"The County is sincerely appreciative for the efforts and the partnership that has developed between the County and the volunteers and advocates for the humane treatment of animals, " said James Fernandez, Valencia County Manager. "This is a wonderful example of what good can be achieved when the citizens and local government partner to work together to address areas of mutual concern."

The Wall of Shame

Collars from some of the thousands of dogs euthanized are hung on the chain link fence at the back of the shelter. A grim reminder that some of these lost and unwanted animals had owners who, at some point, cared.

With renewed public interest, new staffing, and a financial plan for improvement, there is no question that there will be changes at the Valencia County Animal Shelter. It is up the citizens of the county to make sure that the direction is positive and that we never forget our obligation and commitment to our animals. The sad fact is that 6205 animals were impounded in the year 2000 at the Valencia County Animal Shelter, and 5866 were euthanized. As of August 27th, 3217 dogs and cats had already been euthanized. Change needs to go beyond the conditions at the shelter and into the community

For more information on Quixote Humane and how you can help, check their website at

For Marcy Britton's letter in response to this article, click here: Marcy Britton
For Linda Cisneros's reply to Ms. Britton, click here: Linda Cisneros


The City of Albuquerque Animal Services Division holds a mini-adoptathon on the 3rd Saturday of every month from 10 AM to 4 PM at Lowe's on Paseo del Norte. Of the 15 to 20 animals brought to each event, about 11 are adopted. ASD also invites rescue organizations it works with to participate. If you're interested in volunteering to help with the adoptathons or at ASD shelters, please call (505) 768-1934 for information about monthly orientation meetings.

DOGS OF SUMMER PHOTO CONTEST, a website providing information for the Albuquerque dog, announces its first annual "Dogs of Summer" photo contest to benefit the Albuquerque Animal Humane Association (AHANM). Besides being featured on ABQDog's website, contest winners, depicting dogs enjoying summer in the Albuquerque area, will be feted at AHANM's Annual "Doggie Dash," to be held at PetsMart on Sunday, November 4. Their owners will receive canine-friendly prizes provided by local merchants. Details about the contest can be found on the website at For more information, contact Rebecca Loring, Editor, ABQDog (505) 250-0325.


Every Saturday: From 11 a.m. to 4 p.m., the Albuquerque Cat Action Team (A.C.A.T.) has cat and kitten adoptions at PETCO, 6300 San Mateo, NE (Far North Shopping Center). Call (505) 323-2228 for more information or visit our website at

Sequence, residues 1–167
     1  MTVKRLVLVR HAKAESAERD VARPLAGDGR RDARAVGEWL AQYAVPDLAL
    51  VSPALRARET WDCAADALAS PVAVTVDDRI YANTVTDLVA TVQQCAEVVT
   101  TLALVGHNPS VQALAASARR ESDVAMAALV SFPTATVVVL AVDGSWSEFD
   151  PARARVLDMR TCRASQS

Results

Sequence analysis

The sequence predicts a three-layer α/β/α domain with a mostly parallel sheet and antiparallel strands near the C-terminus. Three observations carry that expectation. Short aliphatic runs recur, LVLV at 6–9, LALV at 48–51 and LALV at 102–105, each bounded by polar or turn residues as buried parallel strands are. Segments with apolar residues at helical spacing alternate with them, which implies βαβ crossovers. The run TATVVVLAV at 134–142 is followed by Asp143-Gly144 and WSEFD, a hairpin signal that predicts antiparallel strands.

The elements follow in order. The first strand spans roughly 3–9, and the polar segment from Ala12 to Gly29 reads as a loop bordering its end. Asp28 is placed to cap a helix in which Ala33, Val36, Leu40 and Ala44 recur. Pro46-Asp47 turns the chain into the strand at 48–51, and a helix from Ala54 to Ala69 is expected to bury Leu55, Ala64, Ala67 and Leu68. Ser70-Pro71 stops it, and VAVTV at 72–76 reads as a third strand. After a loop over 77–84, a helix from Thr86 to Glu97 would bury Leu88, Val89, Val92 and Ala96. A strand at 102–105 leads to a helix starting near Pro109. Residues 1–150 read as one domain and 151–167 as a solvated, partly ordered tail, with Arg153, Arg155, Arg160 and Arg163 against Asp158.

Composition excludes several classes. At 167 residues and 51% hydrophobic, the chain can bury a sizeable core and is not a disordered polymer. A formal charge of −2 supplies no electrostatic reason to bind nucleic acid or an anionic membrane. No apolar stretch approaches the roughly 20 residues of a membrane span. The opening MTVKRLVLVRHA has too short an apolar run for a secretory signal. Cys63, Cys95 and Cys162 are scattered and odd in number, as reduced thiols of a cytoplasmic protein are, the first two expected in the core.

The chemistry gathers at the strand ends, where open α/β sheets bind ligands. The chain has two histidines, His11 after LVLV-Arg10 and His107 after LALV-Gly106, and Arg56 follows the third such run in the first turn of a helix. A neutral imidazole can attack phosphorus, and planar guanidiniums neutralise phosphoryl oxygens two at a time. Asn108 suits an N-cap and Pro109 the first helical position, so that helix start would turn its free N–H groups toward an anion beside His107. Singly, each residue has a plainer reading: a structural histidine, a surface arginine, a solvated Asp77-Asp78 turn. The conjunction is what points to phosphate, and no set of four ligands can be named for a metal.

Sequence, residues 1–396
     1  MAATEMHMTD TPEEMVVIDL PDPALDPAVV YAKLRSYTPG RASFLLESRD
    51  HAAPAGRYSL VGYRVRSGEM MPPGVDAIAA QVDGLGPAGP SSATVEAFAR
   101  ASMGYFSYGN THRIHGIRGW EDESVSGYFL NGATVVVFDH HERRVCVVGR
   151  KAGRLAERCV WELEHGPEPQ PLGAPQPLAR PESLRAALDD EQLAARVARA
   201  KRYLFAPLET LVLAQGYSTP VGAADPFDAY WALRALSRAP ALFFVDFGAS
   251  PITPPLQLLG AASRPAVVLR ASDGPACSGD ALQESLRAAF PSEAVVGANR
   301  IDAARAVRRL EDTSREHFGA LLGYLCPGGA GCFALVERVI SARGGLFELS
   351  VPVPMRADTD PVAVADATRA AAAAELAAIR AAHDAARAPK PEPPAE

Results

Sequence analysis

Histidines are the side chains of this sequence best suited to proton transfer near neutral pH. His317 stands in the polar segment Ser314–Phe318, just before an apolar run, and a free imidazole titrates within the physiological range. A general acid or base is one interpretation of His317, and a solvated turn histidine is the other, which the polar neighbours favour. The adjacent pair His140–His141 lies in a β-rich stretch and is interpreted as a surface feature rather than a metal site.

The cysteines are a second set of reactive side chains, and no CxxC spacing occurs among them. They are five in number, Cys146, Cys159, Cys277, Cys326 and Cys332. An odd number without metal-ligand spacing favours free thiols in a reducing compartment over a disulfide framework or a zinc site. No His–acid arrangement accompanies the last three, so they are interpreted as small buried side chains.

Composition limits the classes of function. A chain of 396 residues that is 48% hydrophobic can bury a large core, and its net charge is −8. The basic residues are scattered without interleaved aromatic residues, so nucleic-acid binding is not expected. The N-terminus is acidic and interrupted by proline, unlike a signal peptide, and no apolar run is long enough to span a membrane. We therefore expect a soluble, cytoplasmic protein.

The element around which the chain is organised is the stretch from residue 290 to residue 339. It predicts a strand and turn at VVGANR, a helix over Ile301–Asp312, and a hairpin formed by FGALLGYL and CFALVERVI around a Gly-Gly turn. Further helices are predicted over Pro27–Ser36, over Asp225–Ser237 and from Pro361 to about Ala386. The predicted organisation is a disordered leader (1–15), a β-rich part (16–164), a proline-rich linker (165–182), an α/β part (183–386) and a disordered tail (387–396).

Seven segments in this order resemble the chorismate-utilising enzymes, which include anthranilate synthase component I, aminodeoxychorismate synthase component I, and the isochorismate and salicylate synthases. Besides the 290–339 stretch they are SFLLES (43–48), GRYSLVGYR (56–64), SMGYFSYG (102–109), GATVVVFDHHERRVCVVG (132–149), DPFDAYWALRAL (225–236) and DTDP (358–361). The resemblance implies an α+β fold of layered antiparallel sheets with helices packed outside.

September 8: Entertainment Books go on sale at A.C.A.T. adoption clinics at PETCO and via phone requests. By purchasing from A.C.A.T., you REALLY help the cats!

September 21: McDonald's Fundraiser 5-8 p.m. only at the McDonald's on 4th Street NW (5324 Fourth Street). You can download a copy of the flyer or ad from our website ( or call 323-2228 to have one sent to you. Present your flyer with any purchase and a portion of sales will be donated by McDonald's to A.C.A.T.

October 27: A.C.A.T. Halloween Bake Sale at PETCO, 11-4. Your support will help pay for general medical care and for A.C.A.T.'s feral cat program.

October 27-28: Enchanted Cat Show at State Fairgrounds. A.C.A.T. hopes to have a booth at the cat show to sell our wonderful cat-lover's gift items.

October thru December: United Way Campaign at many employers. A.C.A.T. is proud to be an approved agency to receive donations through United Way contributions. Please think of A.C.A.T. when making your pledges for 2002. Our A.C.A.T. specific United Way code will be listed in the brochure you receive from your agency representative, or you can write in Albuquerque Cat Action Team.

November 18: Purina Cat Chow Way of Life Tour at Cottonwood Mall. A.C.A.T. will have cats available for adoption at the event. The tour also features many fun and informative free events, including cat and kitten training demonstrations and answers to your questions from highly trained cat "mentors", special gala event sponsored by Purina.

December 15: A.C.A.T. Christmas Bake Sale at PETCO, 11-4. Your support will help pay for general medical care and for A.C.A.T.'s feral cat program.

December 20, 22, 23: Christmas Gift Wrapping Fundraiser at Barnes and Noble, Coronado Shopping Center (Barnes & Noble is where the old Walgreen's was). Dec. 20 from 6-9 p.m.; Dec. 22 from 1-9 p.m.; and Dec. 23 from 1-7 p.m. Donations will be taken for wrapping your Christmas gifts purchased at Barnes & Noble. All donations directly benefit A.C.A.T.'s medical fund.

A.C.A.T.'s website can be found at

Do a Feral a Favor: Try Trap-Neuter-Return

Stray cats in your hometown need more than just a handout. Trap-Neuter-Return (TNR) is the simple, humane way to care for feral cats, by trapping, spay/neutering, and returning them to their territories to be cared for by community volunteers.

Would you (and your neighbors) like to know more? Visit Alley Cat Allies for details: or 1801 Belmont Rd., NW, Suite 201, Washington, DC 20009